I don’t know about you but I have lost sight of the right way and found myself in the middle of a dark forest more than a few times in my life, before, during and after the middle. Dante was on his way to salvation. I have never cared much about salvation, rather I have cared about finding my way out of the woods.
When I’ve found myself deep in the thick of that darkness, I’ve either been going through a depression or in between creative projects. That being said, I’ve found that those two states go hand in hand.
It’s like the Bardo described in the Tibetan Buddhist tradition; the intermediate state of existence between two lives on earth where the consciousness disconnects from the physical body. This definition perfectly describes my personal experience of what happens in between completing one creative project, or one chapter of life, and finding my way into the next.
Sometimes, it’s a short stop in the woods. Other times, the dark woods have been an island in the middle of stormy seas with no other land in sight.
Finding a way out of the dark woods doesn’t always mean going through hell but it certainly can be a treacherous passage. The way out definitely never (well, okay maybe rarely) ever happens in a flash or overnight. The only way, truly, to weather the suffering without completely losing your mind, is to keep faith. Faith that you’re not always going to be in the dark woods, that there is a way out, and that you’ll find a way through to the exit. Probably less by trying to figure things out and more by allowing yourself be intuitively guided.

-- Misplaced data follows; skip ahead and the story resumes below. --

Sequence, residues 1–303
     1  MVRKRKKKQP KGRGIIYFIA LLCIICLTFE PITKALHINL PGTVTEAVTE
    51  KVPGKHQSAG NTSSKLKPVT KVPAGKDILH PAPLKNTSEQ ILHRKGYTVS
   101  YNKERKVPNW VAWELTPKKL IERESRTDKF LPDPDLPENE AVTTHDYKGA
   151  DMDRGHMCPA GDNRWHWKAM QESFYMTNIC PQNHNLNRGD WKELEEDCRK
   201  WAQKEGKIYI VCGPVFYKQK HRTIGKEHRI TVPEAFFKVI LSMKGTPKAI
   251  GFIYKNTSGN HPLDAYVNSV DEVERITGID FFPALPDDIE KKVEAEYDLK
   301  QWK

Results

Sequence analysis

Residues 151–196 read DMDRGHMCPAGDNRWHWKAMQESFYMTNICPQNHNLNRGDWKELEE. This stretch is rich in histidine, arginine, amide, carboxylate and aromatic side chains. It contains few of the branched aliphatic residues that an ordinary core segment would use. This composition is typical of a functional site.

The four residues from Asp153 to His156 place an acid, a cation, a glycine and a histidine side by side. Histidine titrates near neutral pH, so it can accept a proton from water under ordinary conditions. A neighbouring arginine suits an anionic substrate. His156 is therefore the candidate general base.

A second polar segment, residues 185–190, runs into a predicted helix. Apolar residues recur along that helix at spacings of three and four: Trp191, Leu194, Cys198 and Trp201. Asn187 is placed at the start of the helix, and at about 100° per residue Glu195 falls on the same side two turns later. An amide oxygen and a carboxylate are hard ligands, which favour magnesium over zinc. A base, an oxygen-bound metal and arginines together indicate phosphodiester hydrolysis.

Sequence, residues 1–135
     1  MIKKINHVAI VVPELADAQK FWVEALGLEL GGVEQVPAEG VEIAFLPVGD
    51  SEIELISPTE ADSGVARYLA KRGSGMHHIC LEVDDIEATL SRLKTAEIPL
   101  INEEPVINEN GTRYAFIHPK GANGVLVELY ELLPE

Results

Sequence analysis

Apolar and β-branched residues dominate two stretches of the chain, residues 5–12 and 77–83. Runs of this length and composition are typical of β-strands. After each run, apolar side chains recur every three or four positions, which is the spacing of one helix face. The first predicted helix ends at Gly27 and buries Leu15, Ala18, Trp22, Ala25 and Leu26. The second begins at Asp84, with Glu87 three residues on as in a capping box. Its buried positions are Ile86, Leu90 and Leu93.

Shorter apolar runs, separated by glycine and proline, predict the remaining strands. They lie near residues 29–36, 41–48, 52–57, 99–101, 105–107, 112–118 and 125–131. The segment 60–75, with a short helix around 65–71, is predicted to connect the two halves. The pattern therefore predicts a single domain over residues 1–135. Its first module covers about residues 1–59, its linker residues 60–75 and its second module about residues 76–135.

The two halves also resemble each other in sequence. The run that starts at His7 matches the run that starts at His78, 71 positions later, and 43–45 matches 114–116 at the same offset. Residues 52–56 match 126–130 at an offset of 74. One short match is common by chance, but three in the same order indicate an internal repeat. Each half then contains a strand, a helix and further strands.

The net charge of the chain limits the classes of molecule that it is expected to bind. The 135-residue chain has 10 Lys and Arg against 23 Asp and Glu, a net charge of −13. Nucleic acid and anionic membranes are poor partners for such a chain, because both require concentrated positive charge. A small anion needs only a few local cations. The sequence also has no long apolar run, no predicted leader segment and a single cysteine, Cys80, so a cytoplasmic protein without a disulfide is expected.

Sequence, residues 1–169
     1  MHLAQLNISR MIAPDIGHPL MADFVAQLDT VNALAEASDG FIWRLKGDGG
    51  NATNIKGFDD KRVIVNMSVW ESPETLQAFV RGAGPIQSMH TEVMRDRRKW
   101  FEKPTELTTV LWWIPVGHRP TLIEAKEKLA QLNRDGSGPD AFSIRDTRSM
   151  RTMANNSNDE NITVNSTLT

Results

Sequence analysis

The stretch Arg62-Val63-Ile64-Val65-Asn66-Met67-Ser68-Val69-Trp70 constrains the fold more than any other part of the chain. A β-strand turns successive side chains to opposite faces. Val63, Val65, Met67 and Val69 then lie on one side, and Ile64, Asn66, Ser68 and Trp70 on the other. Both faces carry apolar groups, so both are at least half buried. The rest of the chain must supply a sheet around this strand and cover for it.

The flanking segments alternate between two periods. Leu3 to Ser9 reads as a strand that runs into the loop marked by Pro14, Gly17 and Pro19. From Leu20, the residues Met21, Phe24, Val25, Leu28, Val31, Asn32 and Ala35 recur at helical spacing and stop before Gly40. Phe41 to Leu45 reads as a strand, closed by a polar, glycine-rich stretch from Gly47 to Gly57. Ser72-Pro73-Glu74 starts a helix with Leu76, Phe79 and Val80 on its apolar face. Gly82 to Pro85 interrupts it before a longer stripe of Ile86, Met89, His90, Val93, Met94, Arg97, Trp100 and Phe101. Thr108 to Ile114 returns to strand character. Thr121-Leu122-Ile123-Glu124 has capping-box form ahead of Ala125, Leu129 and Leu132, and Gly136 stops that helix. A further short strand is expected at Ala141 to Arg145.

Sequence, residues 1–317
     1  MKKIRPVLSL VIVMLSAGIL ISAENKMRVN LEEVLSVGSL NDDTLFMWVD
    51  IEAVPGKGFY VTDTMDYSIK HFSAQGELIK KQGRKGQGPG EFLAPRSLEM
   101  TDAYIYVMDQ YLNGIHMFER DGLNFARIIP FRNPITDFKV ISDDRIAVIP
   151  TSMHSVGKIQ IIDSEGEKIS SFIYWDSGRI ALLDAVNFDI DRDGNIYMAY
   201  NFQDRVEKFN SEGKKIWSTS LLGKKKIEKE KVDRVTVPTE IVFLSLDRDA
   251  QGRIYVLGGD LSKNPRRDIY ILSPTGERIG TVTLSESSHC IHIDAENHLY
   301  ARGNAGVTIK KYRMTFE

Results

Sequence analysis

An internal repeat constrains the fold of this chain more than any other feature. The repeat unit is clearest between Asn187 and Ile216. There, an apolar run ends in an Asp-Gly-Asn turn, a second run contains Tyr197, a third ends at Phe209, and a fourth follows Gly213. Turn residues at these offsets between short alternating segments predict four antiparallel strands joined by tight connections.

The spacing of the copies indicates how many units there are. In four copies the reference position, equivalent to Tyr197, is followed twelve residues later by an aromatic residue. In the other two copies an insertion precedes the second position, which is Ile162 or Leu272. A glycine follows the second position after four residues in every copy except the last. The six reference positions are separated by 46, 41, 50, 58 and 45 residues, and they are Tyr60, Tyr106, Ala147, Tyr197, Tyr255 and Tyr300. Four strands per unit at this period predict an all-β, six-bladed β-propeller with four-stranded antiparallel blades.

The word faith comes from the Latin root, Fides and first appeared in the mid-13th century. By the early 14th century, it meant an "assent of the mind to the truth of a statement for which there is incomplete evidence.”
I found the following gem while looking up this etymology:
“And faith is neither the submission of the reason, nor is it the acceptance, simply and absolutely upon testimony, of what reason cannot reach. Faith is: the being able to cleave to a power of goodness appealing to our higher and real self, not to our lower and apparent self.” -Matthew Arnold, Literature & Dogma, 1873
Faith. That’s a good note for Easter Sunday. The Inferno and the dark woods are relevant after all. We re-emerge, we resurrect our lives, we are reborn.
Even though it may seem like the end of the world when you lose your way and find yourself in the dark, remember that there is a light out there, just waiting for you. You’ll find your way into it even if you have no idea how (and you probably won’t). Just keep the light in mind. Picture it until you find your way there.
Remember, this is a comedy. That’s because there is a happy ending.
Read Henry Wadsworth Longfellow's translation of the Divine Comedy here with thanks to Dartmouth.
But wait... See? Even in the midst of writing this piece, I've lost the straight way. Because, what I really wanted to do here was to explicitly apply this experience of getting lost in the dark woods to the beginning of any creative process when the right way is often not clear at all. Sometimes you can stumble through the forest and get lost in the confusion of dim early stages or fail and fail and fail and then simply check out of the process. But, sometimes, even when the woods are dark and the way through is confused, the journey might feel right for no good reason that you can point to. That's usually when you find unexpected signposts and guides that appear out of thin air. That's when it feels alright to move forward without a defined end in sight. That's when creative faith kicks in.